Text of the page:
Encyclopedyism equals moderate Exopedianism[edit]

Since it will take years, millennia and eons before anyone reads and considers answering this post, I hereby claims that Encyclopedyism equals moderate Exopedianism and proposes the article links those concepts accordingly. The next person who sees this post and agrees have the following choices:

if feel WP:BOLD then make the linkup [[Encyclopedyism|Exopedianism]],
else add your name here below.

rursus 15:49, 14 May 2010 (UTC)

adding my name. rursus 15:49, 14 May 2010 (UTC)

Change "Edit" text - to edit icon[edit]

Hare Krishna everyone here, I suggest that [Edit] text to be changed into edit icon on every wikipedia page. WHY? Because if I want to use wikipedia mostly for reading, not for editing - then why do I have to read countless times the word [Edit] - as many times as there are Sections in wiki page??? NO USE! Moreover, If then I want to copy paste some part of page to some other place - it also takes another steps like clicking 'print version' etc etc... WHY? I need just READABLE Wikipedia, not really editable wikipedia... BUT of course, editing feature is OK. So I suggest that that [Edit] text must be changed into Edit icon. This Edit icon might show some picture like PENCIL, WHICH WRITES A LINE/TEXT ON PAPER... SO there might be many colorful pencils on each wikipedia page, instead of [EDIT] texts... This might look much nicer!!! Alternatively, there might be some elder version of wikipedia for compatibility, but now when more users start using Android-like devices or IPADs, then who would really care if a picture is on a page or a text? I mean less and less people would use in future some older devices which do not support text, but more people would like that page be more informative... And it must be more usable, more esthetical etc etc... So I think changing [EDIT] text into some icon (and that Icon may even be customizable) - that is a good idea!


I'ld suggest to change interface of wikipedia... it is good to show so much text on wikipedia, but tell me: HOW MANY PEOPLE REALLY NEED LEFT-HAND PART OF WIKIPEDIA, I mean that part which is always on left of a page? WHO NEEDS IT? SEE IT ALWAYS? WHY? I mean that menu which on this site includes: "Main page Goings-on, Wikimedia News, Translations, Recent changes, Random page, Help, Community, Beyond the Web, Toolbox" etc... Who needs it? Well on this site it is ok, but on WIKIPEDIA site? Hardly few percents of all wikipedia users really use it very often... So that part of user interface can be moved, can be hidden... Yes, you can even make a special program, WIKIPEDIA BROWSER - specially for wikipedia - so one can make offline edits, manage his account etc... - and apply all kinds of CSS styles/themes etc... Isn't it??? I tell this - just to make it more usable and READABLE, USER-FRIENDLY!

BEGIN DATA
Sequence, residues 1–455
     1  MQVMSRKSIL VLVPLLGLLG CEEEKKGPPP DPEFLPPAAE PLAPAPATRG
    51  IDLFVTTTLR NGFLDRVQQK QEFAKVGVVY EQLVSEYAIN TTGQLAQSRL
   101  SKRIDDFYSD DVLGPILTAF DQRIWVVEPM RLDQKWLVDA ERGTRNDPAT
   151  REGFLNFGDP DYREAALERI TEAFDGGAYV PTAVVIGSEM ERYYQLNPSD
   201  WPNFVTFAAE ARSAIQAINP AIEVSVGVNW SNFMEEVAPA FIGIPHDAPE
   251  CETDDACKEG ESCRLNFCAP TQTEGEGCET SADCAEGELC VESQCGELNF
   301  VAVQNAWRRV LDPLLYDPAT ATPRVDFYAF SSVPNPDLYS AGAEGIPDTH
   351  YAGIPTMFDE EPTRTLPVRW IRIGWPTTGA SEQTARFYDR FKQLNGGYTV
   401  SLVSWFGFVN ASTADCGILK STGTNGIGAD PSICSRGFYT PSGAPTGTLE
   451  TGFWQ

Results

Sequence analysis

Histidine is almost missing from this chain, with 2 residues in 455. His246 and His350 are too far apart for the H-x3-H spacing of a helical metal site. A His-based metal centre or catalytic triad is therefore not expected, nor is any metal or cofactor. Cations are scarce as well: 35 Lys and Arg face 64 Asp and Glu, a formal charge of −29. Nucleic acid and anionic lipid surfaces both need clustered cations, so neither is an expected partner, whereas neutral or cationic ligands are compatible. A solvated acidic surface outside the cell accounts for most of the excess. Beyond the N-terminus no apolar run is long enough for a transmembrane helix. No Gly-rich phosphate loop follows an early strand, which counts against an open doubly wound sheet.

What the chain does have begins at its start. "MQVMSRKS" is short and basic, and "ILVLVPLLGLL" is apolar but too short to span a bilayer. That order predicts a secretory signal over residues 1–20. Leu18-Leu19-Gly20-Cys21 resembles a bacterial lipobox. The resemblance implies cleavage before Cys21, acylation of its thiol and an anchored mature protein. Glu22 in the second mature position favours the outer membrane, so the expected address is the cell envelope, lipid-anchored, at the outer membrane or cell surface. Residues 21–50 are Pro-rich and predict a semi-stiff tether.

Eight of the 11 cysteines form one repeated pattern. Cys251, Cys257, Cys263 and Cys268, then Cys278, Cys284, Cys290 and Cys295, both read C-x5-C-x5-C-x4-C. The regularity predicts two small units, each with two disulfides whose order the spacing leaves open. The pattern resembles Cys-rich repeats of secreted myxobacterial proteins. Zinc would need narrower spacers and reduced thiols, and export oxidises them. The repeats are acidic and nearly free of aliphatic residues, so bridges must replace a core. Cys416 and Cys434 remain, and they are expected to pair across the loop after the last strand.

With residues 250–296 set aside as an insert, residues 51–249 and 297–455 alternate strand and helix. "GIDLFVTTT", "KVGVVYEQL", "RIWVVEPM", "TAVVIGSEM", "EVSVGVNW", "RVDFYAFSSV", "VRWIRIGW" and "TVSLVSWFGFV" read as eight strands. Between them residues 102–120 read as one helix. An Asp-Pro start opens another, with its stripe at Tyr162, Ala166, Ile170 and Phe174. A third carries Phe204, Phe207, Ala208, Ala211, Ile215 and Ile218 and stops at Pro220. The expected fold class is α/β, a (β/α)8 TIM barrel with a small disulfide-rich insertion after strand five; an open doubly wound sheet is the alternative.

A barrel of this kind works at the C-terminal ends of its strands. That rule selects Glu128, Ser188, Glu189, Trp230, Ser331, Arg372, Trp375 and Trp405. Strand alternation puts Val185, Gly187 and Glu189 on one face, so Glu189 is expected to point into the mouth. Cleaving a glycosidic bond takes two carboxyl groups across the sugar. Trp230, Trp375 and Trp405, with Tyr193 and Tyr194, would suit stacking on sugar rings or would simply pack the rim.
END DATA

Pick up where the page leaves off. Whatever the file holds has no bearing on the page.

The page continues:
Comments removed from within the page itself[edit]

These comments were added at some point. They belong somewhere else, probably on the posting individuals' userpages. Quiddity (talk) 18:30, 24 January 2014 (UTC)

Are all these philosophies among Wikimedians (people) truly taking place, carrying on, affecting and effecting the editing of webpages under the Foundation?[edit]

Per title, can I get an answer? -- Ktsquare (talk) 15:50, 15 September 2018 (UTC)

Meritocracy based on counting the total number of characters added by an editor to a particular article (Aaron Swartz) against on counting the total number of edits (Jimmy Wales)[edit]

In 2006, Aaron Swartz wrote an analysis of how Wikipedia articles are written, and concluded that the bulk of the actual content comes from tens of thousands of occasional contributors, or "outsiders", each of whom may not make many other contributions to the site, while a core group of 500 to 1,000 regular editors tend to correct spelling and other formatting errors.[1] According to Swartz: "the formatters aid the contributors, not the other way around."[1][2] His conclusions, based on the analysis of edit histories of several randomly selected articles, contradicted the opinion of Wikipedia co-founder Jimmy Wales, who believed the core group of regular editors were providing most of the content while thousands of others contributed to formatting issues. Swartz came to his conclusions by counting the total number of characters added by an editor to a particular article, while Wales counted the total number of edits.[1]


  1. a b c Swartz, Aaron (September 4, 2006). "Who Writes Wikipedia?". Raw Thought. Archived from the original on August 3, 2014. Retrieved January 12, 2013. 
  2. Blodget, Henry (January 3, 2009). "Who The Hell Writes Wikipedia, Anyway?". Business Insider. Retrieved January 12, 2013. 

--Mauro Lanari (talk) 23:48, 28 April 2019 (UTC)